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In S. Africa, dogs may be a teen's best friend

A program aiming to help keep youths from crime has juvenile offenders work with canines needing rehab.

September 02, 2007|Amy Jeffries | Associated Press

JOHANNESBURG, SOUTH AFRICA — Half a dozen teenagers are leading scruffy dogs through a slalom of orange plastic cones in the worn asphalt yard of a veterinary clinic.

The dogs have been rescued from nearby townships; the kids, from South Africa's criminal justice system. The teens started coming to the clinic run by Community Led Animal Welfare on Saturday mornings in late April after being arrested for theft, assault or other minor offenses.

Increasingly, South Africa is trying to keep young offenders out of juvenile detention centers and adult prisons. Officials of Khulisa, a private group helping provide alternatives, at first thought teen offenders would spend just one day with the animal welfare project, cleaning kennels or feeding dogs to fulfill a community service obligation.

Instead, the animal welfare group, known as CLAW, offered to host 15 teenagers every Saturday for six weeks.

"We kind of took it upon ourselves to go a little further because we saw something in those kids that was encouraging," said Cora Bailey, CLAW's founder and director.

Some of the kids have continued to show up -- of their own accord -- for more than three months now. Among them is Victor Molefe, 16, arguably CLAW's biggest success story.

He was arrested for stealing a car part with four other boys in January. His grandmother and guardian, Lydia Molefe, said she was surprised when he was arrested. But the boy confesses that he was running with the wrong crowd, often skipping classes, smoking marijuana, and staying out late, which made his grandmother worry.

Now she says he is a "nice boy," going to school, always home at a reasonable hour, and helping with the dishes and other chores. And he has developed a deep affection for animals.

One recent Saturday, a charming wheaten Labrador named Rupert twisted through Victor's legs. Rupert's owner, CLAW volunteer Barbara Hammerschlag, said the dog would not trust just anyone enough to do that.

Elza Cilliers of Khulisa said about 90% of children who completed the regimen -- which included eight weeks of life skills training and family therapy as well as the community service -- didn't commit another crime within the first year of their arrest. But she acknowledges that for many of the kids, eight weeks is not enough.

"Many kids want to attend another session. They want someone to hug them and ask them how they are," Cilliers said.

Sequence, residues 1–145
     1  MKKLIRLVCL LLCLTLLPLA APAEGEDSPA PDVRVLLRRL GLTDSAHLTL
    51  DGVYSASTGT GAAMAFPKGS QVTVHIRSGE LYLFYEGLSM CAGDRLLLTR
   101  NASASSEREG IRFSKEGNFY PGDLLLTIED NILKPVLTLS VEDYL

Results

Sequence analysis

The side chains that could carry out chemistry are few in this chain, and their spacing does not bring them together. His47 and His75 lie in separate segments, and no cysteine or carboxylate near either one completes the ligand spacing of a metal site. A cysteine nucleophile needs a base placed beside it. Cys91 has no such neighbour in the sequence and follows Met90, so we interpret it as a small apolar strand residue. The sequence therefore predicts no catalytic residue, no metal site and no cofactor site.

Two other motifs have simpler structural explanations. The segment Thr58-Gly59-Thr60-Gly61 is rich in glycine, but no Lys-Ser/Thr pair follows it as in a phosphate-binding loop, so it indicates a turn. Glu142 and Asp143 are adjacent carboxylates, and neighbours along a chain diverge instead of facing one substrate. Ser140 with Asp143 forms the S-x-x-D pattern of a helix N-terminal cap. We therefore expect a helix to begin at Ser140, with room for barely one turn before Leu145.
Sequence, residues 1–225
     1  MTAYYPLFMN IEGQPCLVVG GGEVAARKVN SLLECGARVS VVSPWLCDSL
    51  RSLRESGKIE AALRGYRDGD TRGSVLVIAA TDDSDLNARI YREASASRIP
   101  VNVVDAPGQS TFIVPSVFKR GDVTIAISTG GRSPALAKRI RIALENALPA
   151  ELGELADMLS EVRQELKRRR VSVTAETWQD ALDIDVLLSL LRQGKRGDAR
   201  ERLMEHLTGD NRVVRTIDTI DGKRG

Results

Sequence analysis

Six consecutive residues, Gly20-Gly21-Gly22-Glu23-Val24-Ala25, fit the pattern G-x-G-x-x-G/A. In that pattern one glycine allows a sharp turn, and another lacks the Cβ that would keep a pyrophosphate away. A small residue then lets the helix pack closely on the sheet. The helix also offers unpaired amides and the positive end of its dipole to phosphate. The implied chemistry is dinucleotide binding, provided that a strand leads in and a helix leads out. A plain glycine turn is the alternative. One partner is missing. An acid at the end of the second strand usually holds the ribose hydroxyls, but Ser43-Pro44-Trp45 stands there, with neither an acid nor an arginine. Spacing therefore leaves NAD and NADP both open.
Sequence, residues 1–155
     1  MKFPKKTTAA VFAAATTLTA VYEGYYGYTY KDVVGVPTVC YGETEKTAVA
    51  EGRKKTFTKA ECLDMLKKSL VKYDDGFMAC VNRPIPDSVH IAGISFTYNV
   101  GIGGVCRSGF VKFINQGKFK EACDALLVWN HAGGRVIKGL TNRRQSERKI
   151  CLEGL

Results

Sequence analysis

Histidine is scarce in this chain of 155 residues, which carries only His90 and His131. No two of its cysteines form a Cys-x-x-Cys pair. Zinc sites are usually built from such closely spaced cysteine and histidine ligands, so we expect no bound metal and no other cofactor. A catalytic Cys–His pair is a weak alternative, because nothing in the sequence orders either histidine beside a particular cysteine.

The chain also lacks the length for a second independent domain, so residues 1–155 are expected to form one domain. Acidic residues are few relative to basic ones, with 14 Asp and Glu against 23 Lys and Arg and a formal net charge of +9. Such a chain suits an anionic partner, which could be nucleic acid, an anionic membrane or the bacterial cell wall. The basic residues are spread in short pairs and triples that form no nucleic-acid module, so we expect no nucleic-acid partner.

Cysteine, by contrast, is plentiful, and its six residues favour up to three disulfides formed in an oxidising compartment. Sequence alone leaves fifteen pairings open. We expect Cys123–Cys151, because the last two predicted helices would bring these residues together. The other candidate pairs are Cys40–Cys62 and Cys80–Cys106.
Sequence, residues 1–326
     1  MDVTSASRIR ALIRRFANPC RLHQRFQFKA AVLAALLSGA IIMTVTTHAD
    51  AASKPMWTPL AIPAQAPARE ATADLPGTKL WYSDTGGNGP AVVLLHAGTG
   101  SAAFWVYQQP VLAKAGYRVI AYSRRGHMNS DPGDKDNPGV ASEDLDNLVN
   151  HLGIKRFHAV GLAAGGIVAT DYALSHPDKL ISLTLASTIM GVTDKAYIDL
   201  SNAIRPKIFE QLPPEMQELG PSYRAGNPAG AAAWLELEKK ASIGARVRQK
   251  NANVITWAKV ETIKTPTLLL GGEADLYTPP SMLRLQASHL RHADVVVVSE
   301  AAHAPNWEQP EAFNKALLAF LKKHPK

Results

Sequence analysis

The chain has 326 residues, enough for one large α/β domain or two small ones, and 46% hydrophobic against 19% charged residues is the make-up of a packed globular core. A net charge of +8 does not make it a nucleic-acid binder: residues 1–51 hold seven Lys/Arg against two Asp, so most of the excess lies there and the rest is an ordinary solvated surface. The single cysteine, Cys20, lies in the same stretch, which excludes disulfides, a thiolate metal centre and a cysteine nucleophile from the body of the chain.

South Africa has been trying to get children out of the formal criminal justice system since 1992, when nongovernmental organizations in cooperation with public prosecutors and probation officers first piloted programs aimed at teaching juveniles to take responsibility for their actions and avoid getting into trouble. After completing programs like the one run by Khulisa, first-time offenders' records are cleared.

Ann Skelton, a human rights lawyer who helped draft the Child Justice Bill, which includes a provision to encourage getting children out of the formal justice system, said that about 10% of juveniles who were arrested were currently diverted into programs like Khulisa's, but that that number should be higher.

"We know that serious violent crimes make up about 30% of the offenses; that would give us about 70% that we could go at, though some you couldn't divert because they were secondary offenses," Skelton said.

And that could indirectly drive a continued drop in the number of children awaiting trial in adult prisons. With fewer cases for courts to deal with, those awaiting trial would move more quickly through the formal justice system. The number of children awaiting trial in prison dropped from a high of 2,934 in 1999 to 1,238 in 2005, according to the most recently available government figures.

All the teenagers spending their Saturdays at CLAW have seen the charges filed against them withdrawn.

Bailey, CLAW's founder and director, said her priority was to teach the kids respect for animals. She said animal abuse and neglect were still often tolerated in the townships the teens come from, where CLAW had worked exclusively since 1999.

"If you look at a home where there's a deliberately abused animal, you will find that there are abused women or abused children. . . . I think if you can learn to understand an animal and learn to take responsibility and relate to something that's helpless and that needs you, it's good for anybody."

So CLAW has been teaching the kids how to approach an animal and how to identify when an animal is sick. The kids were promenading the dogs around the clinic's yard on a recent Saturday as part of their first lesson in dog training.

"The first time they came I thought this wasn't going to work," Bailey said. In South Africa's townships many dogs are trained to attack, and the teens initially were terrified by the canines at the clinic.

Bailey said Rupert, the Lab, broke the ice by jumping rope and dancing to "The Locomotion" with his owner.

Rupert's friend Victor Molefe said that before coming to CLAW, he hated dogs. Now he jolts out of bed at 5 a.m. each Saturday, eager to get to the clinic and play with his furry friends, even though his ride there doesn't arrive until 9 a.m.

"I used to kick dogs," Molefe said. "But from now on, whenever I see a person kick a dog it's like he's kicking me."

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